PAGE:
Holt Adoptee Camp Director: What I Do When Camp Is Not in Session

Holt Adoptee Camp Director Joli Hanlon shares how she spends the eight-month off-season to continue serving adoptees — and make the camp experience the best it can be. 

Holt adoptee campers met over Zoom during the socially distant 2020 "Holt Camp at Home" version of Holt Adoptee Camp.
Holt adoptee campers met over Zoom during the socially distant 2020 “Holt Camp at Home” version of Holt Adoptee Camp.

One of the most common questions I get asked as Holt Adoptee Camp director is, “What do you do when camp is not happening?” Surprisingly, being camp director is a year-round job and there are a variety of tasks that I work on during the off-season. Here are five things that I do before and after camp that you may or may not know about:

1. Plan, develop and market off-season programs.

The off-season is typically from September through April. During these eight months, I spend my time not only planning and preparing for the next camp season, but also for off-season programs for campers. Some examples of off-season programming include virtual camp reunions, Facebook livestreams and social media engagement. For me, communicating and staying connected with the Holt camp community is crucial during the off-season because we are not able to get together in person as easily.

2. Secure campsite contracts for the next camp season.

One of my duties as camp director is securing contracts with each of our sites during the off-season. Holt camp takes place in four states across the country. While we try to keep things consistent year after year, we sometimes experience scheduling conflicts that require us to adjust the dates or find a new site to use. When we are searching for a campsite, some must-haves include having enough accommodation space for campers and camp staff, a swimming facility (lakes, rivers or pools) and gathering spaces for all of our small and big group activities. Over the years, we have found some great campsites to use for Holt camp and I enjoy returning to them every summer.

3. Recruit and hire awesome camp counselors.

Our adult adoptee camp counselors are an integral part of Holt Adoptee Camp and they help make the camp experience special for the campers.

Recruitment for camp staff positions begins in late fall. Early January is when I begin conducting interviews for the positions. Meeting and hearing from adult adoptee applicants is one of the highlights of my job. Having gone through the interview process myself a couple of times, I know the excitement, and Holt camp would not be possible without the hard work and dedication of adult adoptees.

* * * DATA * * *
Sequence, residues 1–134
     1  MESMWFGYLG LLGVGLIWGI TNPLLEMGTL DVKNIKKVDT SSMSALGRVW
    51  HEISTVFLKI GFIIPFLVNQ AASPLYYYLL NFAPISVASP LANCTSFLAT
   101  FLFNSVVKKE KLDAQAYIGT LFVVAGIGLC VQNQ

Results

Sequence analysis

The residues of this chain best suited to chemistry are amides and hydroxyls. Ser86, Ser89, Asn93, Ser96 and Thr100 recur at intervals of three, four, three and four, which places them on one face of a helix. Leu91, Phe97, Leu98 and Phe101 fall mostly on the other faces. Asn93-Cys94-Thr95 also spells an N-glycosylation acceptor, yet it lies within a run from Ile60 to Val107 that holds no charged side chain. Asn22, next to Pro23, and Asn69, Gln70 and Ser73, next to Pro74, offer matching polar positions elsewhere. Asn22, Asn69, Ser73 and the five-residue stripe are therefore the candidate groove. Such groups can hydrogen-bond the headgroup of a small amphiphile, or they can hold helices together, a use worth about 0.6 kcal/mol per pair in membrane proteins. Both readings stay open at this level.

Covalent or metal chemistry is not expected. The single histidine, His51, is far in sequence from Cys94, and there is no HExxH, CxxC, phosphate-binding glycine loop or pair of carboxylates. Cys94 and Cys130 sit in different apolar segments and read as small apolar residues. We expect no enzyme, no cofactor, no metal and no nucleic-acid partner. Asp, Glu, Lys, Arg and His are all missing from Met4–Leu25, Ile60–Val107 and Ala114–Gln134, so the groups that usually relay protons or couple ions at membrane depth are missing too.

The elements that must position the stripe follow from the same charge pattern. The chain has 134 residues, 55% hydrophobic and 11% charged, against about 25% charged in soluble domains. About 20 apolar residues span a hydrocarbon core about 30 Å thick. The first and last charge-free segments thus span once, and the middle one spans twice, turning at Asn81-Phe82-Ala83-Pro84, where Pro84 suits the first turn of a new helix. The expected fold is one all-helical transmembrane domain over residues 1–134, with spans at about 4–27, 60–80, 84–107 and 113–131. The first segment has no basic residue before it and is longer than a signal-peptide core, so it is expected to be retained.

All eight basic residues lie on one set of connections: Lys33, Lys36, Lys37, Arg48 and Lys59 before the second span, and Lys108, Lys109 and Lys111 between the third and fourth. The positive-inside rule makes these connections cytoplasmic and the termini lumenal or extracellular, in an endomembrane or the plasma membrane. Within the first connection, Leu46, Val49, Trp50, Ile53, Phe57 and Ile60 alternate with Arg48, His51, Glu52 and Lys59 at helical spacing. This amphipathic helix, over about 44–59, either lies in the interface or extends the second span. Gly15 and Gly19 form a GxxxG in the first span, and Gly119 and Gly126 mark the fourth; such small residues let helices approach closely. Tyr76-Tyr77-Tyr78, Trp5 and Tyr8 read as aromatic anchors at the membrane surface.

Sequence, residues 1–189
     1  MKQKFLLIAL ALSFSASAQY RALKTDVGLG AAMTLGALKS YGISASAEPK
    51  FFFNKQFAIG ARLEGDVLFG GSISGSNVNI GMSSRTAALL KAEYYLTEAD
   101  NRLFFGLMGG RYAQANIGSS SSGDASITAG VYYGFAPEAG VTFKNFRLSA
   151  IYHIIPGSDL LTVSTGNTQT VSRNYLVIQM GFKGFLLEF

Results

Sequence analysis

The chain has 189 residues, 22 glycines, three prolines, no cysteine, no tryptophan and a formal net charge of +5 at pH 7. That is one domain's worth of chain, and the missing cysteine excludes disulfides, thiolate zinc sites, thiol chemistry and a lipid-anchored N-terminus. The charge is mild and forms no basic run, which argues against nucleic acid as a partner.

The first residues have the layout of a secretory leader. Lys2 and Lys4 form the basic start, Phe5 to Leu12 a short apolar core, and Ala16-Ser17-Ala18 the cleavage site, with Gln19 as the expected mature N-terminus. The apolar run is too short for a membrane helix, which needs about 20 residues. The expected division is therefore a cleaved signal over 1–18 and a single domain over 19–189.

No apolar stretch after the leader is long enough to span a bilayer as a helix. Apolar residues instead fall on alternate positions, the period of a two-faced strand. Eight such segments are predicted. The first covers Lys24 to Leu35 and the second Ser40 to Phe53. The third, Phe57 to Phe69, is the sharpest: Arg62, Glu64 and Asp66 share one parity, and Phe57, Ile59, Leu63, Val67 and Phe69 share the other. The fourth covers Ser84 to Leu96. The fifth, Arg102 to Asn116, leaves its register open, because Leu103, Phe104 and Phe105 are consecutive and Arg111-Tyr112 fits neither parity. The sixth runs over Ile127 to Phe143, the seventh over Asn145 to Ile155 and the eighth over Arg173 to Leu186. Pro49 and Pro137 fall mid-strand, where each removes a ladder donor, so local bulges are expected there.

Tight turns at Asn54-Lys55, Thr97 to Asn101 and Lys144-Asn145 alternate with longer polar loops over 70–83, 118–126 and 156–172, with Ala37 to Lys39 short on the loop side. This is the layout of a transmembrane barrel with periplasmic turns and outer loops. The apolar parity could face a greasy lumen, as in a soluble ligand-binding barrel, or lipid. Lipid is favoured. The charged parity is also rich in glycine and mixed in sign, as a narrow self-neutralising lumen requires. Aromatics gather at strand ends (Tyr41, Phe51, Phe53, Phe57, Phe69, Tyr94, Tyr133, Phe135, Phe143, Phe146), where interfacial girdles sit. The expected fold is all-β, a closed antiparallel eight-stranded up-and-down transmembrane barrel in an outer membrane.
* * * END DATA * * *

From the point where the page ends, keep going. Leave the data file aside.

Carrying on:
If you are an adoptee 18 years or older, I would highly recommend applying to be a camp counselor. It is a great way to connect and work with youth adoptees.

4. Attend conferences and trainings to help improve the camp experience for adoptees.

One of the things I am able to do when camp is not happening is attend camp conferences and trainings. Last year, I attended the American Camp Association’s national conference and was able to gain many fresh ideas from the experience. Trainings have also been beneficial in my role as camp director. By enrolling in a training through different entities, such as Mental Health First Aid, or within Holt, I am able to gain and learn skills that help me better serve the needs of campers. Camp conferences and trainings give me the tools needed to help make the camp experience better for everyone.

5. Assist with other post-adoption programs and services.

As camp director, I have the privilege of working in the Post Adoption Services department at Holt International. Throughout the off-season, I help my colleagues in the department with miscellaneous tasks. Some of the items I assist with include being a Circle Back facilitator, copying files for adult adoptees and answering questions about the department for people outside of Holt as well as within the organization. I thoroughly enjoy working with my wonderful colleagues in this awesome department.

We have been busy this off-season. As I write this article, the fall Holt camp reunion just concluded. It was great to see so many familiar faces from this summer on Zoom. Preparations for the 2021 camp season are already underway, and whether camp will be in person or virtual next summer, I am looking forward to connecting with and serving youth adoptees from across the country!

Joli Hanlon | Holt Adoptee Camp Director

group of girls playing tug of war at adoptee summer camp

Holt Adoptee Camps

A week adoptees will always remember! Make new friends, try new things and discuss issues unique to adoptees. Holt’s overnight camps are open to adoptees ages 9-17.

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